Max Hastings writing makes the English language bloom with the peculiarity typical of the British. Laden with humor and wit, it conveys the story of the Falkland war in great detail. The chosen narrator is the perfect match and makes the entire experience a treat. I recommend it wholeheartedly.
"Comprehensive But Not What I Hoped For"
My first read of a Max Hastings book was the excellent "Nemesis: The Battle for Japan, 1944-45" and so I thought I'd give his treatment of the Falklands war a read too. Hastings has a superb writing style that takes a holistic view of the conflict which is sprinkled with quotes, diary entries and observations from the various participants which are used and woven together to provide a great work of historical fact and analysis.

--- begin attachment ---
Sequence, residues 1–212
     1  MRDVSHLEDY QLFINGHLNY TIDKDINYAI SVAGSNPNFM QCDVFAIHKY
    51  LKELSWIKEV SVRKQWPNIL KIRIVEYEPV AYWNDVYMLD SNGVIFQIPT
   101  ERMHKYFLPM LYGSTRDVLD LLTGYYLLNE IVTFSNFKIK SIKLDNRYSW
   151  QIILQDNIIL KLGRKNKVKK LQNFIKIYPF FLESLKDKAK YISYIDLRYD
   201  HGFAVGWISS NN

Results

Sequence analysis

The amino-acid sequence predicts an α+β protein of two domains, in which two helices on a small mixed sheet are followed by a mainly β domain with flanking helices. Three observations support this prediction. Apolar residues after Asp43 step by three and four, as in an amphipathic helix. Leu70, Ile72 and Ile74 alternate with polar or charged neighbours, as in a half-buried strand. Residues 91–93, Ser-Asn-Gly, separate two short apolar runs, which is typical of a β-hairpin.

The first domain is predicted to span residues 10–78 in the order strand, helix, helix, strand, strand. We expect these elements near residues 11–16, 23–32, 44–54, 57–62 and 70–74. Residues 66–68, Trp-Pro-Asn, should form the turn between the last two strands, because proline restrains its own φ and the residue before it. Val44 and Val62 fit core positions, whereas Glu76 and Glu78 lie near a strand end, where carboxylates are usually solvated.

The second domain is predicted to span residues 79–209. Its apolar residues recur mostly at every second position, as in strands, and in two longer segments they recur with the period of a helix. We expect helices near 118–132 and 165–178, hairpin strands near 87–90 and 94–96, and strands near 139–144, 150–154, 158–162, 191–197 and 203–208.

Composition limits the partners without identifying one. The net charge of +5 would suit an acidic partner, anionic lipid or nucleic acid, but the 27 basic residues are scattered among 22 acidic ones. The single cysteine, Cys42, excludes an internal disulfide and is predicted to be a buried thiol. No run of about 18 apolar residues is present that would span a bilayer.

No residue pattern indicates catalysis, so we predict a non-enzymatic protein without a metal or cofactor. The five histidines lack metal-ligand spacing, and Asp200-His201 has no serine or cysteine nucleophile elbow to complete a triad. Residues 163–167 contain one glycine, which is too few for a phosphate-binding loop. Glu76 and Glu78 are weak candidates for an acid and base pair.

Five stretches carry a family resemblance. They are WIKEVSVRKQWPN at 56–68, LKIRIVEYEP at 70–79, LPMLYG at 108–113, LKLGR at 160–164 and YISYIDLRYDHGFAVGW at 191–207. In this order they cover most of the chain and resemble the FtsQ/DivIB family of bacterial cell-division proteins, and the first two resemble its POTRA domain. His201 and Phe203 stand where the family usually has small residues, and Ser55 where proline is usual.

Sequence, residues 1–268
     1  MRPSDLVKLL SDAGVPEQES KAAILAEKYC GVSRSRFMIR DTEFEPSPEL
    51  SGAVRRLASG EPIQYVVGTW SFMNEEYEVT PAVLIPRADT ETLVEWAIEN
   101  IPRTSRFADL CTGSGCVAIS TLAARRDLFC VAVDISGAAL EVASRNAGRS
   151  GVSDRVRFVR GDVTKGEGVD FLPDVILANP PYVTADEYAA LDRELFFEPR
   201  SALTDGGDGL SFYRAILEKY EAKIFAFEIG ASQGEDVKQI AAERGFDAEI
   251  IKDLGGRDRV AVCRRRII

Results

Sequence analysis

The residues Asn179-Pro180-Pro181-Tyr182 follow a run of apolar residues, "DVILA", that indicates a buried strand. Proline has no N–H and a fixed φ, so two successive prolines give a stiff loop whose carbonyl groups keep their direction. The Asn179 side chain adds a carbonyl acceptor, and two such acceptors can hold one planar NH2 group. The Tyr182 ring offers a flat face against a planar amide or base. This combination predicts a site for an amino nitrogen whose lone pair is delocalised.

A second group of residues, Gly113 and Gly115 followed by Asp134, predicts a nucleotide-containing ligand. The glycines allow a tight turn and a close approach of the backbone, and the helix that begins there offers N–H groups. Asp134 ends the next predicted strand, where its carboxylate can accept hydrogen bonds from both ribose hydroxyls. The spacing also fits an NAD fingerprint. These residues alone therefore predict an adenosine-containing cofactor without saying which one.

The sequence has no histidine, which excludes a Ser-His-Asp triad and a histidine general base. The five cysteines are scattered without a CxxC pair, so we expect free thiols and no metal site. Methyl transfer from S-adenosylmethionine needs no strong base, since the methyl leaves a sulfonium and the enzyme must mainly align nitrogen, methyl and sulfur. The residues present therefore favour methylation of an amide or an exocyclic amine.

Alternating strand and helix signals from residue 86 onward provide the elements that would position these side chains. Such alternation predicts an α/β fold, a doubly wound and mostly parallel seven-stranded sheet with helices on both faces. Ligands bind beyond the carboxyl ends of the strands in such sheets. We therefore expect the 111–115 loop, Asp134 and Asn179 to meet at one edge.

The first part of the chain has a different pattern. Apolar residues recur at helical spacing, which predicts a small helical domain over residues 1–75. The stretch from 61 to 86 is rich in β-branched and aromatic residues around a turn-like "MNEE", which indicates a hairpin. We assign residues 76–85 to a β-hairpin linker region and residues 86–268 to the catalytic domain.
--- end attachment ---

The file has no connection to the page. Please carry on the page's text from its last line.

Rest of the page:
I found that I got a lesser personal perspective on the trials and tribulations of the conflict by those directly involved than in the aforementioned book. In "Nemesis", I got a deeper feeling of the combatants and civilians alike during the events depicted than I did from this book. To me, this work seemed to lack the gritty realism of prolonged first hand accounts which I had rather hoped for. That is not to say that this is not a well written and comprehensive book as it clearly is but it does not provide quite the raw flavour of combat that perhaps a memoir of those on the front lines would. From that perspective, this was not as satisfying a read as I'd hoped but again, that is more my fault than anything the author has done. In future I will seek out those books written by those directly involved for something a bit more visceral and which puts you in the shoes of those that fought.